On Friday, December 16th, Plymouth Harbor held a surprise celebration for the retirement of our longest-serving employee, housekeeper Lanette Davis. She spent her last day at Plymouth Harbor on December 30, 2016, after more than 42 years of service.

In December 1973, at 22 years old, Lanette filled out an application for a housekeeping position at the suggestion of a friend. One interview was all it took and she was on the floor the next day. Lanette credits her length of service to an outstanding work environment and exceptional leadership. Most of all, however, she credits the sense of family she feels with both her co-workers and the residents she has cared for over the years.

Residents and employees alike gathered on the Mezzanine to celebrate Lanette, honoring her decades of service with laughs, cake, memory books filled with photos, a special plaque recognizing her dedication to Plymouth Harbor, and, of course, her favorite flowers (yellow roses). Special guests in attendance included Lanette’s son and husband.

“In this type of environment, it’s not often that you see this kind of cross-culture with residents and staff,” resident Dr. Paul Groen remarked. Residents and coworkers went on to share stories of their years spent with Lanette, consistently noting her unwavering positive attitude, work ethic, and contagious smile. “In my 13 years, she’s never not had a smile on her face,” says resident Ish Pedersen with a smile. “She will be missed.”

We are pleased to bring two lifelong learning courses to Plymouth Harbor in 2015, led by instructors from the Lifelong Learning Academy in Sarasota.  These offerings are supported in part through gifts to the Plymouth Harbor Foundation

EisenhowerSecret Illnesses of U.S. Presidents and their Effect on World History and Politics  

Thursdays 4:00-5:30 p.m. (3 sessions) January 29, February 5, 12 in the Club Room

Was the course of world history during the twentieth century altered as a result of the secret and unknown illnesses of U.S. presidents?  Until recently, presidential illnesses were often kept hidden from press and public. Most have since been revealed, but how at the time did they affect the sufferers’ interaction with world leaders and their management of crises? Did FDR’s hypertension influence the conduct of WWII and his critical negotiations with Stalin at Yalta? What about the impact on the Cold War of Eisenhower’s hypertension and heart attack and JFK’s back surgery and Addison’s disease? In this course, blending history and medicine, we’ll explore these and other intriguing questions.   Course Fee:  $15 per registrant

Course leader:  Allan B. Schwartz, M.D. 

Professor of medicine at Drexel University College of Medicine in Philadelphia, specializing in nephrology and hypertension. He has served as vice chair of the department as well as clinical service chief, academic service chief, recipient of many “outstanding clinician” and “outstanding teacher” awards.  He has conducted numerous regional and national CME seminars. His publications include two textbooks and many chapters, national and international meeting presentations, abstracts, and articles. He is a peer reviewer for numerous medical journals. Dr. Schwartz received his M.D. degree from Hahneman Medical College (later Drexel University College of Medicine).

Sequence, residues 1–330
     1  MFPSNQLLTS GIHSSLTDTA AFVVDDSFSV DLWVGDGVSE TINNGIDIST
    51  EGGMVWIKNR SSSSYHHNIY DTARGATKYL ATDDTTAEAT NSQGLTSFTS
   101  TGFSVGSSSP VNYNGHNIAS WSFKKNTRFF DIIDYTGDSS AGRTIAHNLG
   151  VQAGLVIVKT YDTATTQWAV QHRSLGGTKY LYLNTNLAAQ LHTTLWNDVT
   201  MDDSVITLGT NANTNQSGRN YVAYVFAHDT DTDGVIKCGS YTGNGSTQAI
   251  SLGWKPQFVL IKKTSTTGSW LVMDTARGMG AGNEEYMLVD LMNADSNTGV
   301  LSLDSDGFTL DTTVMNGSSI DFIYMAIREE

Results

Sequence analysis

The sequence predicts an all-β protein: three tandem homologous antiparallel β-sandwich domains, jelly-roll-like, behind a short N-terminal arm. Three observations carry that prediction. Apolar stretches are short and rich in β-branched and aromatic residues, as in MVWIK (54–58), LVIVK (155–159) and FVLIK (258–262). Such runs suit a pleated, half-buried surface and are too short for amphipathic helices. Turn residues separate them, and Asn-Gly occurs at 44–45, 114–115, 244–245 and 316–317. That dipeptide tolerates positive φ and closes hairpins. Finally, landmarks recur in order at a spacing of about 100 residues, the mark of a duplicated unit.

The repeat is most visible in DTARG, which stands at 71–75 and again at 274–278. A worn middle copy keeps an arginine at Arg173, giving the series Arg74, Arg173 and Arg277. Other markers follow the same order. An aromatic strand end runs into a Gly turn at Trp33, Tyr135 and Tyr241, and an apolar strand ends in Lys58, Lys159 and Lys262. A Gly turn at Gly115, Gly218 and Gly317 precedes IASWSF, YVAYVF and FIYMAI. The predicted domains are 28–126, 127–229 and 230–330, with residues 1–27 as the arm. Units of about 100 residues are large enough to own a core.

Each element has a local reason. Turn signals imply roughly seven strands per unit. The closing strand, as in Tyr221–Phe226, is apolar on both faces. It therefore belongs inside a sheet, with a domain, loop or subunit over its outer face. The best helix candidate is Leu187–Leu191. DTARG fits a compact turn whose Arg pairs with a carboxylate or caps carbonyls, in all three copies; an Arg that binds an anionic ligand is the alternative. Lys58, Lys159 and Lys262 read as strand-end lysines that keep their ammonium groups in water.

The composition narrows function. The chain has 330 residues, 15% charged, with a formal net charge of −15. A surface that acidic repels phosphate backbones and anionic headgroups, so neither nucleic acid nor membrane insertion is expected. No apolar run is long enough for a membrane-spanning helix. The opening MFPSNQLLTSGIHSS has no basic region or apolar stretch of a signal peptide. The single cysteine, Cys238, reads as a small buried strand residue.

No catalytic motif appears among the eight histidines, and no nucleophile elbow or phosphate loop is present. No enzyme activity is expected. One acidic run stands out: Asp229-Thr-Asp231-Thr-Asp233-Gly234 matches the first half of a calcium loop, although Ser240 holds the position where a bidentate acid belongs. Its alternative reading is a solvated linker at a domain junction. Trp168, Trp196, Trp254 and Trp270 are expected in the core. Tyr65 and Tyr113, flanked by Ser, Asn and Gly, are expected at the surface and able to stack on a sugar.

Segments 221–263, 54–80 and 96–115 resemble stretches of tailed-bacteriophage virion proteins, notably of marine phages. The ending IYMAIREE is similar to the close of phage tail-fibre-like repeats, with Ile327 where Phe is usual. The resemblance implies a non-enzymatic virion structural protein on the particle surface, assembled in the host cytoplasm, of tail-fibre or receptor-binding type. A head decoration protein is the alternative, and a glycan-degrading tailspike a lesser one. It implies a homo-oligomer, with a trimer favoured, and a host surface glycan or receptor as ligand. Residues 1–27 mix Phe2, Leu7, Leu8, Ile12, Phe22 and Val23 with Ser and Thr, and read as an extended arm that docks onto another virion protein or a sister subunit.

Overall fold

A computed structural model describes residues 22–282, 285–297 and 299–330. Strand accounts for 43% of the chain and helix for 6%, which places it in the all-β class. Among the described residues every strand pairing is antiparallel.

history medicineThe Epic of Medicine

Thursdays 4:00 – 5:30 p.m. (6 sessions) March 12, 19, 26, April 2, 9, 16 in the Club Room

This course traces the history of medicine as it relates to the history of mankind from pre-historic time to the 20th century. The emphasis will be on Western medicine, but influences from Eastern traditions will be included. A fervent attempt will be made to learn from history so we will not be destined to repeat it. Parallels will be drawn throughout the course to “modern medicine” as well as “alternative medicine.” Come to learn about the origins of “scientific” medicine, folk remedies, the role of religion in medicine, and so much more. This will be a PowerPoint presentation augmented by videotapes from the Teaching Company.  Course Fee:  $30 per registrant

Course leader:  Al Tripodi, M.D.

Dr. Tripodi has a B.A. from Cornell and an M.D. from SUNY Upstate Medical University, where he was an associate clinical professor of medicine. He is certified in internal medicine and geriatrics and practiced in Syracuse, N.Y. and Sarasota for forty years.  He has been responsible for teaching medical students and residents and was medical director of two extended-care facilities in Syracuse. He presently volunteers and is medical director of the Senior Friendship Center’s medical clinic in Sarasota. He has an abiding interest in history and a fervent belief that “to know history may prevent us from repeating it.”

Finlay_5x7 300 dpiThe Board of Trustees of Plymouth Harbor, Inc. welcomed three new members and elected new leadership for 2015.

The newly elected Chair of the Board of Trustees is G. Duncan Finlay, MD who is also currently serving as President and CEO of the Florence A. Rothman Institute and Chief Medical Officer of Alive Sciences, LLC.  During his previous tenure as Chief Medical Officer and President and CEO of Sarasota Memorial Hospital, the system was named one of America’s Best Hospitals by US News and World Report in seven medical specialties.

Harry Hobson, CEO of Plymouth Harbor said, “Dr. Finlay has served as a Trustee for the past three years.  He brings leadership, experience, vision, and a passion that is consistent with Plymouth Harbor’s mission.”

After four years as Chairperson during which he guided Plymouth Harbor through a significant growth initiative that culminated in the grand opening of new Wellness Center, F. Thomas Hopkins will now serve as Immediate Past Chair.